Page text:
Strange coiling spiral patterns have been found on Mars surface by a graduate student who was doing what many of us enjoy: looking through the high-resolution images from the HiRISE camera on the Mars Reconnaissance Orbiter. Similar features have been seen on Earth, but this is the first time they have been identified on Mars. However, on Mars, these features, called lava coils, are supersized. “On Mars the largest lava coil is 30 meters across – that’s 100 feet,” said Andrew Ryan from Arizona State University. “That’s bigger than any known lava coils on Earth.”
The lava coils resemble snail or nautilus shells. Ryan has found about 269 of these lava coils just in one region on Mars, Cerberus Palus. 174 of them swirl in a clockwise-in orientation, 43 are counterclockwise, and 52 of the features remain unclassified due to resolution limits.
On Earth, lava coils can be found on the Big Island of Hawaii, mainly on the surface of ropey pahoehoe lava flows. They usually form along slow-moving shear zones in a flow; for example, along the margins of a small channel, and the direction of the flow can be determined from a lava coil.
“The coils form on flows where there’s a shear stress – where flows move past each other at different speeds or in different directions,” said Ryan. “Pieces of rubbery and plastic lava crust can either be peeled away and physically coiled up – or wrinkles in the lava’s thin crust can be twisted around.”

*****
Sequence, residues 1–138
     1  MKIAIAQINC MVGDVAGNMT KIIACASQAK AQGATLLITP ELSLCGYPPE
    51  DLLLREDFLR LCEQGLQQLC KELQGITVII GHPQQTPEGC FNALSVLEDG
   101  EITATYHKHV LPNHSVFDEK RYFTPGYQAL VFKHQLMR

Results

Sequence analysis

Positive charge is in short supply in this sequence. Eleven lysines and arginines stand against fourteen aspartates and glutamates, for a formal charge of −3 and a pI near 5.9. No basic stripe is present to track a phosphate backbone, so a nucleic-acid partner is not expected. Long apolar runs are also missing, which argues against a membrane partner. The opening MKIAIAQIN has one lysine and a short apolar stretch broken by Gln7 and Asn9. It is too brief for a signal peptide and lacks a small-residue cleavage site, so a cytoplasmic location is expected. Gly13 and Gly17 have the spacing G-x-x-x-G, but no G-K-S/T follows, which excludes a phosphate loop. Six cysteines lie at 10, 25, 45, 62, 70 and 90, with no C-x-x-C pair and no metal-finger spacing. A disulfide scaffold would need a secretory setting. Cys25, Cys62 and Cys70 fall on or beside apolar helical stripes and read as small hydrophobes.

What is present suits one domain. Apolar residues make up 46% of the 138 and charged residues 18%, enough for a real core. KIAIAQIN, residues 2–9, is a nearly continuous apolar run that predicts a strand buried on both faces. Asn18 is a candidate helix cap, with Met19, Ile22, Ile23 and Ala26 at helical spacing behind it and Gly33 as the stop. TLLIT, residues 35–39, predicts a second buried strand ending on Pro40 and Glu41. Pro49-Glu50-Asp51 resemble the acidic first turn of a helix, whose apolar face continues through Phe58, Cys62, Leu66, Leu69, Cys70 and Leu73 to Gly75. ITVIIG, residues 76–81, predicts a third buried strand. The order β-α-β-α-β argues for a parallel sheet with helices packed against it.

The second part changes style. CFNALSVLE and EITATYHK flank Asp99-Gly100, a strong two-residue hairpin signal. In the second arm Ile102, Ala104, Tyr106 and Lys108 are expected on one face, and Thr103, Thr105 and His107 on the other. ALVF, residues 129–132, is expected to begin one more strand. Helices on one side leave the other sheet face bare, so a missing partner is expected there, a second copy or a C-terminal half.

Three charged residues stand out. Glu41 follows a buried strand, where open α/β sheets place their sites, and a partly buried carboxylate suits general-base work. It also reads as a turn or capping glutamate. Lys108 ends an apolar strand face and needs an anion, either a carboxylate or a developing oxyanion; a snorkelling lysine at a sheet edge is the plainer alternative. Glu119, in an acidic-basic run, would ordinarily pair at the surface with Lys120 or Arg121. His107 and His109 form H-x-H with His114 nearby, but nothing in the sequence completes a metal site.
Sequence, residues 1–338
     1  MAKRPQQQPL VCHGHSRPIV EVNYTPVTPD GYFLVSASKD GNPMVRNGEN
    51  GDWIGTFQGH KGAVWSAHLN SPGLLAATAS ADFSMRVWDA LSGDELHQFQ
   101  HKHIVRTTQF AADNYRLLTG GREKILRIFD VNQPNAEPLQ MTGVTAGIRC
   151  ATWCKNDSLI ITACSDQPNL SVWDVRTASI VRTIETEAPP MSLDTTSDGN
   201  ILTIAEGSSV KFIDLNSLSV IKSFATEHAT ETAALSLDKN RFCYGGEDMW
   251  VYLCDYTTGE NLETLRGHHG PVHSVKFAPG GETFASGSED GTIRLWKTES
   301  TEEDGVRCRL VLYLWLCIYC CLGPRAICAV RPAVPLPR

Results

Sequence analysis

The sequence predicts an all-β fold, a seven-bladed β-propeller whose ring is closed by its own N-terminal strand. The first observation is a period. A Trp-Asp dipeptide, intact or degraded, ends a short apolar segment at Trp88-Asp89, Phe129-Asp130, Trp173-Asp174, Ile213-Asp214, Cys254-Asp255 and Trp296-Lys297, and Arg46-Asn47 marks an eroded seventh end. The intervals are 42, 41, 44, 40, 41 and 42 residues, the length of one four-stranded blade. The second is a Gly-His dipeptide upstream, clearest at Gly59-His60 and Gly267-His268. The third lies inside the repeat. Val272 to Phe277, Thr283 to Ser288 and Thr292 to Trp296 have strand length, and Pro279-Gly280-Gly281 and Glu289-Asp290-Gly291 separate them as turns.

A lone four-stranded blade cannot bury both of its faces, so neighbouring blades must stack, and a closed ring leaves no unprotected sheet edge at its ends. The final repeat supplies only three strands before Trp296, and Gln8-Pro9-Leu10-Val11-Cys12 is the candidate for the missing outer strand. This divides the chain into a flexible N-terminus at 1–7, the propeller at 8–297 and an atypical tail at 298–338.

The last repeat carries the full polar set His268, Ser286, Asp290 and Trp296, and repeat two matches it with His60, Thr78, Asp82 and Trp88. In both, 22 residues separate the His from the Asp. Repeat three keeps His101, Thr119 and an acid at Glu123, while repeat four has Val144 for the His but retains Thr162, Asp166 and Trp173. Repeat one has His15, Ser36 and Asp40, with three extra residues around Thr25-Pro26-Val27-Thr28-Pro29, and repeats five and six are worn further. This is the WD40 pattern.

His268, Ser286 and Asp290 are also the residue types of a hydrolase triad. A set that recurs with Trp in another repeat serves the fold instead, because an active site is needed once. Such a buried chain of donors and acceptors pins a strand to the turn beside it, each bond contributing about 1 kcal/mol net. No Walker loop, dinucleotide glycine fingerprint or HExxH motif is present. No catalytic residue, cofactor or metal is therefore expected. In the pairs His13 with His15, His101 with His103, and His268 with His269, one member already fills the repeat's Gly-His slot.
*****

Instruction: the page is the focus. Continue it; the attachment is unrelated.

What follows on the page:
Similarly, Ryan said scientists have documented the formation of rotated pieces of oceanic crust at mid-ocean ridge spreading centers.
But Ryan and the co-author on the paper, Phil Christiansen, Principal Investigator for the Thermal Emission Imaging Spectrometer on the Mars Odyssey spacecraft, are certain water has nothing to do with the formation of the lava coils on Mars.
“There are no known mechanisms to naturally produce spiral patterns in ice-rich environments on the scale and frequency observed in this area,” they wrote in their paper. “It is also unlikely that ice-rich patterned regolith, which takes decades to centuries to develop, could fracture and drift. The lava coils and drifting polygonal and platy-ridge lava crust described above are therefore most consistent with known volcanic analogs, rather than ice-related processes.”
These features are probably quite young, formed 1.5 to 200 million years ago in Mars’ late Amazonian period when the planet was volcanically active.
Nancy Atkinson is currently Universe Today’s Contributing Editor. Previously she served as UT’s Senior Editor and lead writer, and has worked with Astronomy Cast and 365 Days of Astronomy. Nancy is the author of the new book “Incredible Stories from Space: A Behind-the-Scenes Look at the Missions Changing Our View of the Cosmos.” She is also a NASA/JPL Solar System Ambassador.